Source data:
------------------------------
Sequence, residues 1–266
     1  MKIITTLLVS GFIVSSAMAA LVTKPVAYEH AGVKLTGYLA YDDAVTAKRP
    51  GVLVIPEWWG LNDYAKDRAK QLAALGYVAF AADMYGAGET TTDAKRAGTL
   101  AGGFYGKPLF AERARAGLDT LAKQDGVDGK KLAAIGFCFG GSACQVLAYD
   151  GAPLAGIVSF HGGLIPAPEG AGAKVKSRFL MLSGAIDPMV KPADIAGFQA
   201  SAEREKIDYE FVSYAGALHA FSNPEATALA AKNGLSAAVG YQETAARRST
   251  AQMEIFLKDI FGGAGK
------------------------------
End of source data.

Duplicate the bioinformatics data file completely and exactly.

Sequence, residues 1–266
     1  MKIITTLLVS GFIVSSAMAA LVTKPVAYEH AGVKLTGYLA YDDAVTAKRP
    51  GVLVIPEWWG LNDYAKDRAK QLAALGYVAF AADMYGAGET TTDAKRAGTL
   101  AGGFYGKPLF AERARAGLDT LAKQDGVDGK KLAAIGFCFG GSACQVLAYD
   151  GAPLAGIVSF HGGLIPAPEG AGAKVKSRFL MLSGAIDPMV KPADIAGFQA
   201  SAEREKIDYE FVSYAGALHA FSNPEATALA AKNGLSAAVG YQETAARRST
   251  AQMEIFLKDI FGGAGK